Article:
Develop an annual, diversified fundraising plan that outlines targets and actions for possible funding sources. Board June 2010
Implement a corporate fundraising program. Raise $10,000 the first year. TBD December  2010
Implement a major donor fundraising program. Raise $10,000 the first year. TBD December  2010
Raise enough money to hire a professional executive director. TBD December 2013
Goal #4: Develop and implement marketing and public relations initiatives
Objective: Responsibility Target Completion Date: Status and Date
Revise structure of the webpage to increase visitor engagement and increase visitors. Add more information as available. Web Committee Ongoing. Start May 2009.
Develop updated presentation to give to area groups to teach people about Alabama’s aquatic diversity and the watershed Education Committee August 2009
Develop a media outreach plan to more effectively publicize FRCA and events TBD December 2009
Goal #5: Develop partnerships and working relationships with other area nonprofits and government officials and agencies.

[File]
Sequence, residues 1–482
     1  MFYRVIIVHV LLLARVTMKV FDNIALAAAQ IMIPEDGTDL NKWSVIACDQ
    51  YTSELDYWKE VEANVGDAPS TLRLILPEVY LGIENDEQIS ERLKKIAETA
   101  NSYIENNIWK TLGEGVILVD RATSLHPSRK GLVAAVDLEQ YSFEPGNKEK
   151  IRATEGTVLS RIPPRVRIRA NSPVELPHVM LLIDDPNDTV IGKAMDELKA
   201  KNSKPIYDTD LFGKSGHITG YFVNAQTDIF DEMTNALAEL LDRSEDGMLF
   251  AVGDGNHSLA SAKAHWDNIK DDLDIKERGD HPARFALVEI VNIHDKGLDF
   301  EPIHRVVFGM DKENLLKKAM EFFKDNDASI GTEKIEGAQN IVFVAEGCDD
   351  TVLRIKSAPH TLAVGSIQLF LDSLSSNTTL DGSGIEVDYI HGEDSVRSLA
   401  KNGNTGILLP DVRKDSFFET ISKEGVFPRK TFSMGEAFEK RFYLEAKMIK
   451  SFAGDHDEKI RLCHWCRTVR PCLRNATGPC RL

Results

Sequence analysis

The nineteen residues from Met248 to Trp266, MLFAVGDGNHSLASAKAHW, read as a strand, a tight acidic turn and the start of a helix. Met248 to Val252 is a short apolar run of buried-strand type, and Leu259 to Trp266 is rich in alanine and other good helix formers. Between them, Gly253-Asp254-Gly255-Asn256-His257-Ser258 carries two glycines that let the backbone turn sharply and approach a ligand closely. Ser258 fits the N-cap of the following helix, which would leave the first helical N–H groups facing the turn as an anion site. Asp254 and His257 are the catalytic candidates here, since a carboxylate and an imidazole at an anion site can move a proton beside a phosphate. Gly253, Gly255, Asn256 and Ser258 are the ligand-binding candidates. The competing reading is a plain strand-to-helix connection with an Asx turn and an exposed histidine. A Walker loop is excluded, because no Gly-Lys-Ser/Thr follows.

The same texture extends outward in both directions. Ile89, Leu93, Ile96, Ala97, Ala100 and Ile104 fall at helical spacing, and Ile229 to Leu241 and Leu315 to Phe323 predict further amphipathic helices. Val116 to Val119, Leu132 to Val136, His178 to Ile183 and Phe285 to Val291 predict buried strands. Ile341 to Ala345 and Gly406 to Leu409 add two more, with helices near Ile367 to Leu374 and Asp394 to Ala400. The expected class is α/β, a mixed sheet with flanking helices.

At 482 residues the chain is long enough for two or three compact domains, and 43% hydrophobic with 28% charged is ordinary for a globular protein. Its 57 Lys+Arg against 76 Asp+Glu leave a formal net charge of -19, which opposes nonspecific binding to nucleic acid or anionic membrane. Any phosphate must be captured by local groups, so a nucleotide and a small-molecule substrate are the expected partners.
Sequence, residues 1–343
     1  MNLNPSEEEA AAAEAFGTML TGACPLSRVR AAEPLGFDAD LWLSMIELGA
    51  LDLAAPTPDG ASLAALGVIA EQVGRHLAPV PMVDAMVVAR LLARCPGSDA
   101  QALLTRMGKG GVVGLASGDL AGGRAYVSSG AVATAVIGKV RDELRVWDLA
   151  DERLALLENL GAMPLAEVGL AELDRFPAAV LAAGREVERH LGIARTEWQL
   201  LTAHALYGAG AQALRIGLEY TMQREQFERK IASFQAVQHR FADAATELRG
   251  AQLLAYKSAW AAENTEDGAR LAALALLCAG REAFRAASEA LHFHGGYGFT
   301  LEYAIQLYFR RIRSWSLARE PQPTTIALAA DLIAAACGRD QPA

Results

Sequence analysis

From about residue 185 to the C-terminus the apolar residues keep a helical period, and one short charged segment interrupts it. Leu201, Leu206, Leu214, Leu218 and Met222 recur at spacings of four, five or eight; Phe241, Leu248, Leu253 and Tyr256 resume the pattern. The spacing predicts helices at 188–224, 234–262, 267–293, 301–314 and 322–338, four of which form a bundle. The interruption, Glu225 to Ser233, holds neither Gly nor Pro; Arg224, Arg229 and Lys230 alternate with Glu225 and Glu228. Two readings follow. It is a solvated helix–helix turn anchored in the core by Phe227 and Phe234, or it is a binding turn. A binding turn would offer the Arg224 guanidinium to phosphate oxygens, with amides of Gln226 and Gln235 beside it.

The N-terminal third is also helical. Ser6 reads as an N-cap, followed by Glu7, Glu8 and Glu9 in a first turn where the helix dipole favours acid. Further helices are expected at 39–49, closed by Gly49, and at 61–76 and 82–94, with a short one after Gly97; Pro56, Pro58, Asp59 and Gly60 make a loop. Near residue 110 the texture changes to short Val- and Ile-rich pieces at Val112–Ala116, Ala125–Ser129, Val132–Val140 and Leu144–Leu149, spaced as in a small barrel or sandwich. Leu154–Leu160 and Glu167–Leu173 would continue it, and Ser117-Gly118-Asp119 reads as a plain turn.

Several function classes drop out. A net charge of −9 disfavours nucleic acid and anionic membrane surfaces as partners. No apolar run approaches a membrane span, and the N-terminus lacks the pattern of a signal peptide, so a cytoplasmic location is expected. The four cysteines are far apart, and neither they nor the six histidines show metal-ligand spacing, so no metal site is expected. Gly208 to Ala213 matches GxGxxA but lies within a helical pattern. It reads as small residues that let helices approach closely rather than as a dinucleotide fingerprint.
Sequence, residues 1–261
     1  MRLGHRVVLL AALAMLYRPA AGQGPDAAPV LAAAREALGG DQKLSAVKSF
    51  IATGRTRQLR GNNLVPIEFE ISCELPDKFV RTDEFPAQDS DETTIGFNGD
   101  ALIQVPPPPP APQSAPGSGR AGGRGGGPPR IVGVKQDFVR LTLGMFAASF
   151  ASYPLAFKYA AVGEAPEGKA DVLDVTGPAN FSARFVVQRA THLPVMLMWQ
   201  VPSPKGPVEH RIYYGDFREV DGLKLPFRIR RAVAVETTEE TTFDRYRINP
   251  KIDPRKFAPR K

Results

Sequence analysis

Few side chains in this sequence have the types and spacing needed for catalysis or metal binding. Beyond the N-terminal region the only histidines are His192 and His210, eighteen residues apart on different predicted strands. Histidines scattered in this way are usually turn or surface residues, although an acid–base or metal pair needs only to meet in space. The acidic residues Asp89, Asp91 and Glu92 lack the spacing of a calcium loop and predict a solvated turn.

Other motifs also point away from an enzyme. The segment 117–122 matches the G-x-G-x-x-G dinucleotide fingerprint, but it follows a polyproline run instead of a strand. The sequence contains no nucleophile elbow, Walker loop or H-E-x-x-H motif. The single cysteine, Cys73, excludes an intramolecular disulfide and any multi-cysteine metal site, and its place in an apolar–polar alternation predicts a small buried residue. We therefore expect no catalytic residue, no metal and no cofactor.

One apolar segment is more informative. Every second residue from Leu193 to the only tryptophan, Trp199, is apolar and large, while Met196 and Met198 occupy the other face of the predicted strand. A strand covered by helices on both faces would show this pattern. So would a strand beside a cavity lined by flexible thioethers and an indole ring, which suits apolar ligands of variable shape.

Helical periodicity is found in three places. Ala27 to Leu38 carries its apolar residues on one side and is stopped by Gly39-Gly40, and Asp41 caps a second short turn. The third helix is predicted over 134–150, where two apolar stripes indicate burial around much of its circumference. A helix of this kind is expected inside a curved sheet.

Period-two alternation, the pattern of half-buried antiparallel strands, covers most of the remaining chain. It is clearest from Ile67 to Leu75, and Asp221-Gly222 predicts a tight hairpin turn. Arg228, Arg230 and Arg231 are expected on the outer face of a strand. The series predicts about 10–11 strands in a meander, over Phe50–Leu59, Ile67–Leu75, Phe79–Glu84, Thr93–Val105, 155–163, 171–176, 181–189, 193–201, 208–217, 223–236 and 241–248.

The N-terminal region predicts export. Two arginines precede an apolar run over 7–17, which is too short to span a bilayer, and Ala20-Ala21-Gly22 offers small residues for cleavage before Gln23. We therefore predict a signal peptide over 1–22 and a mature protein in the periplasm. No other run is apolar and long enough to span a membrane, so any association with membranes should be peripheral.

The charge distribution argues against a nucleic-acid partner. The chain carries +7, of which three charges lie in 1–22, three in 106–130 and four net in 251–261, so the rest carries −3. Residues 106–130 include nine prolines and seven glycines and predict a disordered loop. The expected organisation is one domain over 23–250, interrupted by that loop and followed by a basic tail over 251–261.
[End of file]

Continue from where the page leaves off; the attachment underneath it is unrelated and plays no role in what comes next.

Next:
Objective: Responsibility Target Completion Date: Status and Date
Get to know city and county officials throughout the watershed and establish ongoing communication with key people. All Ongoing; Start December 2009
Develop partnerships with other area environmental/conservation groups. All Ongoing; Start December 2009
Get to know the Region IV EPA office and determine how to work with them to improve inspections and oversight in north Alabama. Executive Committee Ongoing; Start December 2009

Programmatic Goals:

The result of the goals outlined in the previous sections will be an increased capacity to improve the quantity, quality, and effectiveness of the programs we offer. The following items will be reliant on first accomplishing our key organizational goals.

Goal #1: Promote a river protection ethic in adults and youth through environmental education and river stewardship opportunities.
Objective: Responsibility Target Completion Date: Status and Date
Start a “faith outreach” program to speak to church groups about FRCA. Start with the Episcopal church with a focus on their “Care of Creation” program then expand to other denominations. New board member, TBD Ongoing, start January 2010